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Stage Reviews: Comedy lost in first of 3 new plays, but dialogues rich in other two

Saturday, September 20, 2003

By Christopher Rawson, Post-Gazette Drama Critic

This week's New Works grab bag offers two "coupla friends sitting around talking" dialogues and one more ambitious, unusual piece. The two dialogues, however, being much better acted, make the more effective theater.

David Guaspari, "Shaft (or, the Tortoisiad)"

This is the ambitious one, and unusual it is. Guaspari's schlemiel-like hero is Zeno of Elea (James Gavigan), a Greek philosopher of circa 500 B.C. credited with the invention of dialectic. He advanced the theorem, beloved of schoolkids, that a moving body can never reach a certain destination because, proceeding first halfway to its goal, then halfway further, it can never accomplish its infinite series of moves.

Pittsburgh New Works Festival

Where: Hamburg Studio at City Theatre, Bingham and 13th streets, South Side.

When: 6 and 9 p.m. today; 4 and 7 p.m. tomorrow; Festival concludes next week with three more plays.

Tickets: $7; 412-881-6888 or


That paradox shows up in the play, but the one that probably first attracted Guaspari is Zeno's notion that if a tortoise gets a head start on Achilles, Achilles can never catch up because whenever he reaches the spot where the tortoise was, the tortoise has moved on.

There is a pragmatic riposte to this, of course, as there is to Zeno's other paradoxes, which prove, for example, that an arrow in flight is actually at rest. In "Shaft," Zeno is confronted with his sexy young wife, Diotima (Adrienne Ciuprinskas); an obstreperous pupil, Lysis (Tommy Kolos); that Homeric jock, Achilles (Scott VanDemark); and a bunch of tortoises (plush toys) -- all of whom pose such pragmatic challenges as sexual interest, physical force, power struggle and surprise can offer.

But it's all words. They're witty on paper, as I confirmed by borrowing a script to read, but in performance, they blur. This is mainly because the production by the Heritage Players, directed by Carol Schaefer, forgets the simple secret of comedy acting, as once enunciated by actress Athene Seyler, "to listen carefully and to speak clearly."

Simple, right? But these actors keep trying to play funny -- petulant, smarmy, ironic and arch, arch, arch -- and the words, which need crisp articulation, get buried.

Granted, Guaspari loads them with a lot of arcane argument. His jokes include a character who talks like the "Iliad" and another hyper-aware of being a pre-Socratic (anachronisms, you see -- academic humor), a running gag on Achilles' "Greek" proclivities, and so on.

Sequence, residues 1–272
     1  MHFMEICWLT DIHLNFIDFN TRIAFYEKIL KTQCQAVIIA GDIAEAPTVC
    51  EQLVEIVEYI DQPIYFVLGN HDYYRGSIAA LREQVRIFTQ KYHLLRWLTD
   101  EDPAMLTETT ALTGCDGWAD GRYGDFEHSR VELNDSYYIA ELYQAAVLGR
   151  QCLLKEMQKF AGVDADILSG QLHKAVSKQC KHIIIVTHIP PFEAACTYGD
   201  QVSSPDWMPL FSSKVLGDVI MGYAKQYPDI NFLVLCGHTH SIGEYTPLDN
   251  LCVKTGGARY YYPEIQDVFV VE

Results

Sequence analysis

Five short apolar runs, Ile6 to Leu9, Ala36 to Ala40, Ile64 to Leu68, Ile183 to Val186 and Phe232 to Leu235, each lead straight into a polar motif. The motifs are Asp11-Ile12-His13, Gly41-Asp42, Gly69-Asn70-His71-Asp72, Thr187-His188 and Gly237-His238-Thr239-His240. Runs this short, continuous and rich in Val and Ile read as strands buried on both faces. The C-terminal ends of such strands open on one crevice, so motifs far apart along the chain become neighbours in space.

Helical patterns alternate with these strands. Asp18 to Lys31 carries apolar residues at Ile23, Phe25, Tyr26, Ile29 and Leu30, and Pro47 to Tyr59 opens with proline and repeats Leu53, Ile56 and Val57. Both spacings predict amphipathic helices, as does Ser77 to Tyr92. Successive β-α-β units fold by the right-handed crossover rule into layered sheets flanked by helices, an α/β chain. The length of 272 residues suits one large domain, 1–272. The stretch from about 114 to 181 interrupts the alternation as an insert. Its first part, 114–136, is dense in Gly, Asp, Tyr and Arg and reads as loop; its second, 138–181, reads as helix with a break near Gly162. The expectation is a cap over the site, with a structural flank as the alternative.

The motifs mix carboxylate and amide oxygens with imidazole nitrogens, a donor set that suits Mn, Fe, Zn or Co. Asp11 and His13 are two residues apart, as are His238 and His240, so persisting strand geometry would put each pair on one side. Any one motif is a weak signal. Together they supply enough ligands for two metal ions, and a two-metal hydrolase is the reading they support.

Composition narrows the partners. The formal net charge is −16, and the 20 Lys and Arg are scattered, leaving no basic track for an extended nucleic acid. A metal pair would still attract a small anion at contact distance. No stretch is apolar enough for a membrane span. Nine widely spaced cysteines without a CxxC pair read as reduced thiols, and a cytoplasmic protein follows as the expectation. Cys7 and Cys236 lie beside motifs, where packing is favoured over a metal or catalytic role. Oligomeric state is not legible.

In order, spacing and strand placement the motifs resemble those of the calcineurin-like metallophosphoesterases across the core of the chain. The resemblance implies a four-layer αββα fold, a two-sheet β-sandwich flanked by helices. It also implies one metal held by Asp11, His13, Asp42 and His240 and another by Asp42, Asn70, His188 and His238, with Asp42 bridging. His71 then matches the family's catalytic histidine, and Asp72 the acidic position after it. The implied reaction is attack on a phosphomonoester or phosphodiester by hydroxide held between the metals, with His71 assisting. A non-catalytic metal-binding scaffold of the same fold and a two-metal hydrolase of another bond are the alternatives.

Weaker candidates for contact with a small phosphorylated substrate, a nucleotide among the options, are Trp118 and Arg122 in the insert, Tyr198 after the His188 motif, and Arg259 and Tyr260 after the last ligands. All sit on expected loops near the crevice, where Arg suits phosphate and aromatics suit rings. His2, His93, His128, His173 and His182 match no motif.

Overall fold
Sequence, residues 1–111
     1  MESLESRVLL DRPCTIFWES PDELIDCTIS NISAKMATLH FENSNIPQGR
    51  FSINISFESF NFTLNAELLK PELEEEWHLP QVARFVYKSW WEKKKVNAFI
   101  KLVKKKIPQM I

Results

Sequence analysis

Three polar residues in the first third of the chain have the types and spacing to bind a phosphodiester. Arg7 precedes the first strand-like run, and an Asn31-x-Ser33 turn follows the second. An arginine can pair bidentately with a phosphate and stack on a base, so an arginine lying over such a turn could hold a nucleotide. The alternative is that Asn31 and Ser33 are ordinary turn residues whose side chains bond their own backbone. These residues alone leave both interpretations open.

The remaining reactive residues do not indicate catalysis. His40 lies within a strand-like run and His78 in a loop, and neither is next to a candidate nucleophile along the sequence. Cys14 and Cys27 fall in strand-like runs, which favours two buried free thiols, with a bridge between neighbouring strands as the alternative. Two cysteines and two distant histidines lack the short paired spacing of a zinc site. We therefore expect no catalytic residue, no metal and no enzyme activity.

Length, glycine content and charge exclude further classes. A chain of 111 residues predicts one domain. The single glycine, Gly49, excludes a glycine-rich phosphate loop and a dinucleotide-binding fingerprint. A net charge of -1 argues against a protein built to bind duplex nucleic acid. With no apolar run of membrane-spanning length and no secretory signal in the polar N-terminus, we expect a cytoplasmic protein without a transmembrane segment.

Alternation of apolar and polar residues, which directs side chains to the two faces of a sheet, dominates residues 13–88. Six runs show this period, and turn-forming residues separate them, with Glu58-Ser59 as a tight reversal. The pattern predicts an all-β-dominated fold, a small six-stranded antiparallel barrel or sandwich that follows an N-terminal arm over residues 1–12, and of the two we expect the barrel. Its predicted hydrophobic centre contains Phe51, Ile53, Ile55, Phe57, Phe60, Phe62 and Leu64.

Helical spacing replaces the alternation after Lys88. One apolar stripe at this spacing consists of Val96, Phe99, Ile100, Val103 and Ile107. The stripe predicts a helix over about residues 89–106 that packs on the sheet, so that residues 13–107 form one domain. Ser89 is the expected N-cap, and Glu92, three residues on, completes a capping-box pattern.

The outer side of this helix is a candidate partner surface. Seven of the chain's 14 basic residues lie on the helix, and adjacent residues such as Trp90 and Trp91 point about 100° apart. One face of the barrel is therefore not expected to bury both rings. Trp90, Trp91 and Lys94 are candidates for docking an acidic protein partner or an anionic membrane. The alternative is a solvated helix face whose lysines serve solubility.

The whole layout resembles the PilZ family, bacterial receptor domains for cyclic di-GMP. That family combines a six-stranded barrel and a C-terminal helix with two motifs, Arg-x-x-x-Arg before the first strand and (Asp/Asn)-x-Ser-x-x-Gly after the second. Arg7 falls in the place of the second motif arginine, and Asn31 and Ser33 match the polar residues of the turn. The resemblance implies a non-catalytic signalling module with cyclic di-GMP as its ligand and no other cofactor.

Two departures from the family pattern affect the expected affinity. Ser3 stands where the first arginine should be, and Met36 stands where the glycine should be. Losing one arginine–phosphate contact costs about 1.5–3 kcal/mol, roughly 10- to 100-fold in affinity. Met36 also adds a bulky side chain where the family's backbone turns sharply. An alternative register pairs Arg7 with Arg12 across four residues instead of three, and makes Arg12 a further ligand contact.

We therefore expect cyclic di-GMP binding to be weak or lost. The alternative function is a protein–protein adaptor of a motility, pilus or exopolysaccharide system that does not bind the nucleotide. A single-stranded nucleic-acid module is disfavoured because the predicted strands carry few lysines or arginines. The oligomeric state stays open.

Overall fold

"Shaft" aims at intellectual farce, but the physical movement is irresolute, so the farce is all in the words, and Guaspari himself sometimes buries the plot and the comic cross-purposes in tortured repartee. "I'm losing the thread," says Diotima, and she's not alone. But there's a lot of brain power in the script.

Audrey Cefaly, "Fin and Euba"

Fin (Erika Cuenca) and Euba (Katie Case) are young women millworkers in a boring Southern backwater, circa 1987, condemned to straitened circumstances in dead-end jobs. The most precious commodity is hope, of which Fin has more than Euba.

Euba, however, has some skill as a photographer and has just received a letter from Life magazine that may offer her a way out. As they sit out back of their drab boarding house, with its unseen tyrant flashing the curfew light, Fin tries to inspire her, but Euba is afraid even to open the letter. They squabble, sharing their hopes and fears.

Produced by Unseam'd Shakespeare Company and directed by John Gresh, this is a small, realistic scene, occasionally forced in how it introduces necessary exposition (how do two people tell us what both already know?), but well structured in that the conversation eddies around serious subjects, gradually finding its way into deep water.

The scene's success has a lot to do with the two actresses. Their portraits of poor but scrappy rural Southerners start out feeling a trifle condescending (accents waver), but they build in believability as the stakes increase. Euba's anguish is never clarified, but overall, this small play compels sympathetic attention.

Corey Reiger, "Epiphany"

Here, the two friends sit on a park bench in some present-day city. Tim (Gregory Caridi) is all in a swivet because he's just seen a homeless man whom he imagines to have a sense of purpose, challenging his own passionless lack of direction. Beth (Bridget Carey) listens sympathetically but with an odd disconnectedness.

Then, after Tim's whiny kvetching has gone pretty far toward explaining her reticence and begun to disconnect our interest, too, the play turns. Tim suggests a way out of his malaise, and Beth is energized -- furious, mainly, as details about their past relationship come tumbling out.

Much of that past inevitably seems to come from nowhere, asking us to take it on faith. But it certainly injects spirit into the proceedings, and Caridi and Carey rise to the occasion with a comic/emotional flair that strikes sparks. This includes an active physicalization, for which director Jennifer Obed Moats (for Pittsburgh Playwrights' Theater) must take some credit.

Playwright Reiger appeared as an actor in the festival's first week -- he's on a roll.

Christopher Rawson can be reached at or 412-263-1666.

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